9. Bohn, Henning, 1990. "Tax Smoothing with Financial Instruments," American Economic Review, American Economic Association, vol. 80(5), pages 1217-30, December.
  10. Gauti B. Eggertsson & Michael Woodford, 2006. "Optimal Monetary and Fiscal Policy in a Liquidity Trap," NBER Chapters, in: NBER International Seminar on Macroeconomics 2004, pages 75-144 National Bureau of Economic Research, Inc.
  11. Siu, Henry E., 2004. "Optimal fiscal and monetary policy with sticky prices," Journal of Monetary Economics, Elsevier, vol. 51(3), pages 575-607, April.
  12. Herbert Stein, 1996. "A Successful Accident: Recollections and Speculations about the CEA," Journal of Economic Perspectives, American Economic Association, vol. 10(3), pages 3-21, Summer.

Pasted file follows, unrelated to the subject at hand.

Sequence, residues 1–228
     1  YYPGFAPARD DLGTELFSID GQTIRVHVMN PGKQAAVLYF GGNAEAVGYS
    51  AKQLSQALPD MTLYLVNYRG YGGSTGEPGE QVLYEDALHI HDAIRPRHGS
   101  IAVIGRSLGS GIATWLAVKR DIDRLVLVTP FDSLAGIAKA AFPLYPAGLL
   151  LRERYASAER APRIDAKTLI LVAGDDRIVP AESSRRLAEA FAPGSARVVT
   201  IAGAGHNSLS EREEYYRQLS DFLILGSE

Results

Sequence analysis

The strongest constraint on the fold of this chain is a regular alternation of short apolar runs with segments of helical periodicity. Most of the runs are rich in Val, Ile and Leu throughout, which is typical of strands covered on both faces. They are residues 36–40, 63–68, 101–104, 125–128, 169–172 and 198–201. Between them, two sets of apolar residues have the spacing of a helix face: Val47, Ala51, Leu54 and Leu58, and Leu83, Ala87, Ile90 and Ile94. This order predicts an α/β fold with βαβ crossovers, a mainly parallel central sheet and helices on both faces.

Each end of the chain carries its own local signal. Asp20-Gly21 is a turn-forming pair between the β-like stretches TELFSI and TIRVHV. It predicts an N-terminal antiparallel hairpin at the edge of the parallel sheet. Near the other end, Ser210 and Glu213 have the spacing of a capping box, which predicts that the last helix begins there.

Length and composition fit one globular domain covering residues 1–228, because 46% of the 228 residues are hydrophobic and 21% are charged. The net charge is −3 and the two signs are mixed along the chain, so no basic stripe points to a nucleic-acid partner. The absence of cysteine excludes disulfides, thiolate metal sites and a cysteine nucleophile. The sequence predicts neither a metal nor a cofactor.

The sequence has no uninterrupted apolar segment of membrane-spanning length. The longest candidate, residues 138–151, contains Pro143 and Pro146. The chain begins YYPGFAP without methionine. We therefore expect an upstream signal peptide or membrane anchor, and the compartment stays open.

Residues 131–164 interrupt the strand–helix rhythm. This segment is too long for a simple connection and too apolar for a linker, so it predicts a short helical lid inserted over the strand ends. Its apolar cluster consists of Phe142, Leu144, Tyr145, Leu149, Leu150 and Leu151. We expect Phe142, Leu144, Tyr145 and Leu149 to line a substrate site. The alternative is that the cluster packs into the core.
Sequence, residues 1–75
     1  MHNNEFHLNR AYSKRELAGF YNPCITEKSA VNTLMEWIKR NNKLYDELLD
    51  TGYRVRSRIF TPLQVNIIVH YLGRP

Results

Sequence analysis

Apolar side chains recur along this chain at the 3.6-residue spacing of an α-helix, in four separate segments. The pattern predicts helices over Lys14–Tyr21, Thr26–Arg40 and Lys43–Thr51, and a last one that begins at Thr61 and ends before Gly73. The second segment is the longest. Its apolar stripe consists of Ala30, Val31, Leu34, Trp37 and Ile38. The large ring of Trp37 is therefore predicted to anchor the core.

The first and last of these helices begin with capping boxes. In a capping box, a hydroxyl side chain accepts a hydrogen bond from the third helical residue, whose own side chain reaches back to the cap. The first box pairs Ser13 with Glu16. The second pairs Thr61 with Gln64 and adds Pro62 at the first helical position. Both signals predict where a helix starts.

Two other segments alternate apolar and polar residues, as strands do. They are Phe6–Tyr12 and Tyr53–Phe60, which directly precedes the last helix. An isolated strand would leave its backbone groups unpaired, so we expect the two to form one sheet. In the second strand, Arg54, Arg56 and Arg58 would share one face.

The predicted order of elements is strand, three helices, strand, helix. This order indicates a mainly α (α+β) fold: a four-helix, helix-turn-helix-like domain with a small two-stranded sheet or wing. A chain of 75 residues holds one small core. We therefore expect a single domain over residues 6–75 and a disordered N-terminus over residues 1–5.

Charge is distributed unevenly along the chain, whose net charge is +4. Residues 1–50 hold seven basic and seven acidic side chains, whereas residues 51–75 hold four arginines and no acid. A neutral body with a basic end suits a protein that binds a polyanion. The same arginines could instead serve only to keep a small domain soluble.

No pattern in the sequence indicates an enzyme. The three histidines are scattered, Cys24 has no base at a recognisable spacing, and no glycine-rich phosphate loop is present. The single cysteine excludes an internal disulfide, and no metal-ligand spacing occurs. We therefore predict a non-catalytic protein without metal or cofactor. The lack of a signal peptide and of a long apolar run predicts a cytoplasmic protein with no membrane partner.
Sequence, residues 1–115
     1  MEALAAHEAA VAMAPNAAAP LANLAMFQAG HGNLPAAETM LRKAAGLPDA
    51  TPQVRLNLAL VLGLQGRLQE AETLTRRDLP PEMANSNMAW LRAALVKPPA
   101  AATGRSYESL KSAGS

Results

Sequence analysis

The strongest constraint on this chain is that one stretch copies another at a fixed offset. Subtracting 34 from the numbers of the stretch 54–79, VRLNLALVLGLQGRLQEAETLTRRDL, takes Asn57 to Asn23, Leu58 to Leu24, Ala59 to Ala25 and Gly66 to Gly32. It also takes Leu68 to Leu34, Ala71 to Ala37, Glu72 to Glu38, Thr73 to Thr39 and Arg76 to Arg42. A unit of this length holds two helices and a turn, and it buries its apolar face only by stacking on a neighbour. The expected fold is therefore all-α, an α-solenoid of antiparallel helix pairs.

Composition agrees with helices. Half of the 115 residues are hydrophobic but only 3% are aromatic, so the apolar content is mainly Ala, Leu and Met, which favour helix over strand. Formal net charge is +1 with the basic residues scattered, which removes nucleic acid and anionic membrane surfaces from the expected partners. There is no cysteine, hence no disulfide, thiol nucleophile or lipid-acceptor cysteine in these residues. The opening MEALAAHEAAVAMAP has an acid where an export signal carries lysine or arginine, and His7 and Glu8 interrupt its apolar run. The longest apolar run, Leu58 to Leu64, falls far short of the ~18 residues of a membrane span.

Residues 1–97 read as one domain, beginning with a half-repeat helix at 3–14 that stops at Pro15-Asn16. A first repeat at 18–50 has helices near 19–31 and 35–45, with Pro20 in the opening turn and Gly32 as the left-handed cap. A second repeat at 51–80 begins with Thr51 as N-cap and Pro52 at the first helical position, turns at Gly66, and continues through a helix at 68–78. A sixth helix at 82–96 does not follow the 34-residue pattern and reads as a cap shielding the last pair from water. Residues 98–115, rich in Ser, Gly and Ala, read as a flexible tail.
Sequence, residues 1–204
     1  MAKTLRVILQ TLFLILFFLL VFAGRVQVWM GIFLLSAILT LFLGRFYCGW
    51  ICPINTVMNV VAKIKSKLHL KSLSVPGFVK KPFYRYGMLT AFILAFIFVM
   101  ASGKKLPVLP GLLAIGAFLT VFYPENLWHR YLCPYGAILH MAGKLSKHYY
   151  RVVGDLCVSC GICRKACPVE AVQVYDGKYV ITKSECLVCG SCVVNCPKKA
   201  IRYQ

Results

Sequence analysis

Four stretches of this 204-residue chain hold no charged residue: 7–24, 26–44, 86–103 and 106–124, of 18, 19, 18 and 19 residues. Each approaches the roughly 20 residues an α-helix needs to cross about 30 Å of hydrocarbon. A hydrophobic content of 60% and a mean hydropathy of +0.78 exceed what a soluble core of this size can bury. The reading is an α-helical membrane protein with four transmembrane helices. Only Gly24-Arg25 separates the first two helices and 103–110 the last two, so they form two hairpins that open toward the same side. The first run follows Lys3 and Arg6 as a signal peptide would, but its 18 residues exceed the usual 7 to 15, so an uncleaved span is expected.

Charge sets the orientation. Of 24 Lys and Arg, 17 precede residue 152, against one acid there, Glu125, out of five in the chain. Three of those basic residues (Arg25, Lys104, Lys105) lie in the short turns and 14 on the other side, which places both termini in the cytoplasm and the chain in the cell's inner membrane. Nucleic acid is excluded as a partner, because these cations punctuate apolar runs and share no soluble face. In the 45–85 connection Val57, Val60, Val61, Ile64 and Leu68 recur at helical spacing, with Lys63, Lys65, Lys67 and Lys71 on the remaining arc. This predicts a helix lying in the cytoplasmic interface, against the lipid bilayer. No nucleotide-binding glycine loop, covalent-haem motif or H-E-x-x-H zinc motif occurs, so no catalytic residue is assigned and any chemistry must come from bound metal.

13. Athanasios Orphanides, 2001. "Monetary Policy Rules Based on Real-Time Data," American Economic Review, American Economic Association, vol. 91(4), pages 964-985, September.
  14. Alan J. Auerbach & Daniel R. Feenberg, 2000. "The Significance of Federal Taxes as Automatic Stabilizers," Journal of Economic Perspectives, American Economic Association, vol. 14(3), pages 37-56, Summer.
  15. Woodford, Michael, 1994. "Monetary Policy and Price Level Determinacy in a Cash-in-Advance Economy," Economic Theory, Springer, vol. 4(3), pages 345-80.
  16. John B. Taylor, 2000. "Reassessing Discretionary Fiscal Policy," Journal of Economic Perspectives, American Economic Association, vol. 14(3), pages 21-36, Summer.
  17. Chari, V V & Christiano, Lawrence J & Kehoe, Patrick J, 1991. "Optimal Fiscal and Monetary Policy: Some Recent Results," Journal of Money, Credit and Banking, Blackwell Publishing, vol. 23(3), pages 519-39, August.